The curriculum of the MEd program reflects current requirements for licensure in the State of Illinois. Licensure is handled by individual states, and portability of licensure across state lines differs according to each state. The Department of Professional Regulation in the State of Illinois has adopted the certification exam developed and administered by the National Board of Certified Counselors. Many states use this exam for licensure purposes, so scores from the exam can be transferred. Coursework, including the number of hours required, differ across states. Students interested in completing licensure or certification in another state are strongly advised to consult the professional regulation boards prior to enrolling at Loyola to determine the appropriate coursework required. Students should also stay apprised of licensure requirements throughout the program.
The Chicagoland area provides a wealth of clinical training opportunities for the students in community, school, and clinical mental health counseling programs. Students receive generalist training, but through site selection can begin to acquire population-specific competencies in working with children, adolescents, families, gay/lesbian/bisexual clients, and other groups of individuals. Many of the practicum sites also contain American Psychological Association-approved internship programs where trainees are provided with rigorous supervision and on-site seminars.
To discuss typical practicum settings and sites in Chicago and its suburbs, please contact Rufus Gonzales, Practicum Coordinator, at (312) 915-6378.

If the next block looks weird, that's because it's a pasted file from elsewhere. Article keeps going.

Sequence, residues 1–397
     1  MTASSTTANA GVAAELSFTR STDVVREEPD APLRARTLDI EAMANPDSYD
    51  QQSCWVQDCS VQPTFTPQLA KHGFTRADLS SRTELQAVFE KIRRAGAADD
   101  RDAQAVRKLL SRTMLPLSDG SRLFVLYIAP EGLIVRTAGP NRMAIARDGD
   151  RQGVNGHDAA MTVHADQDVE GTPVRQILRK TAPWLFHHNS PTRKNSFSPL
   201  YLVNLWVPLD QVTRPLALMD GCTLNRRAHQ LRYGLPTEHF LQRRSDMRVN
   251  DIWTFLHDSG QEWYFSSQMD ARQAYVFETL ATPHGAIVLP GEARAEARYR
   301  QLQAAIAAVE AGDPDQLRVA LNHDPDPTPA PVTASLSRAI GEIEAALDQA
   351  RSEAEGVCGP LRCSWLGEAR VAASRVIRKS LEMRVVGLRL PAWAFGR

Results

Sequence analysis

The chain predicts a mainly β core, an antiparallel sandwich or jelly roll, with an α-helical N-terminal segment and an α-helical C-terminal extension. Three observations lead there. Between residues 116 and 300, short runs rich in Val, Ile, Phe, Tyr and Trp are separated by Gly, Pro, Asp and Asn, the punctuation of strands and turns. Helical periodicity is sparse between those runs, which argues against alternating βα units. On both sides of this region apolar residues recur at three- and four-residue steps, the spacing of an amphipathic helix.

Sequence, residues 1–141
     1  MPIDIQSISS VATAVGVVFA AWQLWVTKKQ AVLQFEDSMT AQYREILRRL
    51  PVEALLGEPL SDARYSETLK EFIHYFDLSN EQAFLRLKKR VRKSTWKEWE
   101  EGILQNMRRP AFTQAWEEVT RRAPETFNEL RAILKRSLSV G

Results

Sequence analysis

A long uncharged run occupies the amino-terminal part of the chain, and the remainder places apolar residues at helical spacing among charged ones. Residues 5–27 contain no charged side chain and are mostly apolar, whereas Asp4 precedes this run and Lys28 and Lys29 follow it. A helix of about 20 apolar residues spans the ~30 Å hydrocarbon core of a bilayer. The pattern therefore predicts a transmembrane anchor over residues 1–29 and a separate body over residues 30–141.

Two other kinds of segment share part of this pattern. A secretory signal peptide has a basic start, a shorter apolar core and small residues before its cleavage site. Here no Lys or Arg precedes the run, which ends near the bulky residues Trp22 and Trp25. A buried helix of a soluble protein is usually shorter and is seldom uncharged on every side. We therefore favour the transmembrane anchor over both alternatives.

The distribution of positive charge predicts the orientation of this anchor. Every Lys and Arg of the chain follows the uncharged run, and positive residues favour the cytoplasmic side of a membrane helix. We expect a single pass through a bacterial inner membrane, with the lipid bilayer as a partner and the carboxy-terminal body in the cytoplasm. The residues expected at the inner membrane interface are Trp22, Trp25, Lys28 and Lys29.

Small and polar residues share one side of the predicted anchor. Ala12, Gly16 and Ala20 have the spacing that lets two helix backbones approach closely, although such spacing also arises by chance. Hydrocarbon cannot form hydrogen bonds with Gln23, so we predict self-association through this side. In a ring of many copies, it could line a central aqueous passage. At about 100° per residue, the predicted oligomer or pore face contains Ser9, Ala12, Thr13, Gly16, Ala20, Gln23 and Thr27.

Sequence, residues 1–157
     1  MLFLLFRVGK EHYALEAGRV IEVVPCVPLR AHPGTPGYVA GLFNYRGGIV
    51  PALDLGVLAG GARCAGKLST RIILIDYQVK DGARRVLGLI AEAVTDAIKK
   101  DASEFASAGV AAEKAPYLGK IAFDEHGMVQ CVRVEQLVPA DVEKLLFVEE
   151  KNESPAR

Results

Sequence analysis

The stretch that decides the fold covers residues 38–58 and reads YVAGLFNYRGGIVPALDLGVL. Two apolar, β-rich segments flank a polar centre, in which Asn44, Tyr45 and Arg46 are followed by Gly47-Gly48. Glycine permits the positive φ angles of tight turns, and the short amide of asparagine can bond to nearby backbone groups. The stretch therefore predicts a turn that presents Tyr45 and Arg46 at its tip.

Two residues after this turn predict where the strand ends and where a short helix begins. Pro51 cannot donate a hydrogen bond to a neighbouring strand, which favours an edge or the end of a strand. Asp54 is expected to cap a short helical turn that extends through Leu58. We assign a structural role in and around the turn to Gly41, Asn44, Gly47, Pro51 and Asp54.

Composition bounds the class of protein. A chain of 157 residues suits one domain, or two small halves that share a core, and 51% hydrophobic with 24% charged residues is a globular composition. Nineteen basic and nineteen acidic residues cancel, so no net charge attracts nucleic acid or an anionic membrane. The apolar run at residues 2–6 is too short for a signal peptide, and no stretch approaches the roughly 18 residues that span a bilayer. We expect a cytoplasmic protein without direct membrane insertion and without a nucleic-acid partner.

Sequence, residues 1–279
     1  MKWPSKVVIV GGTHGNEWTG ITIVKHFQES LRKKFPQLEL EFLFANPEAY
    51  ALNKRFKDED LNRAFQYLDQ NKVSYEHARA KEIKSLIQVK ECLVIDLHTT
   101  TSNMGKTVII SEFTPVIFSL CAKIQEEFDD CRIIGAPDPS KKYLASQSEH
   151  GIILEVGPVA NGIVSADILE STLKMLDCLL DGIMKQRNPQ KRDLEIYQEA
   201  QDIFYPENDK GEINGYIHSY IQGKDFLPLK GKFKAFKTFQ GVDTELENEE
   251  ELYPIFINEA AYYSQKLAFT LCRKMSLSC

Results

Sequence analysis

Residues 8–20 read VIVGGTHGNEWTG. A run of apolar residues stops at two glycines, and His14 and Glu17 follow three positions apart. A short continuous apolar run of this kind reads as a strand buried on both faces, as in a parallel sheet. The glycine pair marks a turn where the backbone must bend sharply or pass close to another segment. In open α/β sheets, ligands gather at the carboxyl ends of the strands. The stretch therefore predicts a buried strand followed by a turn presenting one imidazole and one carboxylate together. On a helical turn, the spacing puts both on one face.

Interested in applying? Check out the MEd Community Counseling application requirements.
Tuition, Financial Aid and Scholarships
The School of Education and Loyola's Financial Aid Office are committed to helping students secure the necessary financial resources to make their education at Loyola affordable. You can learn more on the Financial Assistance page.
What is the difference between the MA and MEd programs in community counseling?
The MA is for those who intend to pursue a PhD in the future and are not interested in master's-level practice. The MA program does not lead to master's-level licensing. Rather, it prepares students for acceptance into doctoral programs in counseling psychology, counselor education, or related fields.
The MEd is designed for those who wish to engage in counseling practice with a master's degree. The MEd is the program for students interested in becoming licensed for master's-level practice, regardless of whether or not they are considering doctoral education in the future.
Both programs require 48 semester hours of coursework, including 27 semester hours of core courses and six semester hours of practicum and internship experience. The MEd program requires students to take specialty coursework related to community counseling practice. The MA program requires specialty coursework in research methods and statistics. Students enrolled in the MA program are also required to participate on a faculty member's research team for at least one semester.
If you want to become licensed for master's-level practice, apply for the MEd program, whether or not you might eventually pursue doctoral work. If you intend to forgo master's-level licensing for later licensing for doctoral-level practice, you should apply for the MA program.
Can I get my license as a professional counselor after finishing the MEd in community counseling?
The MEd program in Community Counseling is approved by the State of Illinois as a professional counselor training program. Graduates of this program are eligible to apply for licensing as a Licensed Professional Counselor (LPC) in Illinois upon graduation. Graduates are eligible to apply for licensing as a Licensed Clinical Professional Counselor (LCPC) in Illinois after receiving two years of post-degree supervised experience.Visit our Placement and Licensure page for more details.
What are the requirements for a professional license?
Please visit our Placement and Licensure page for further details.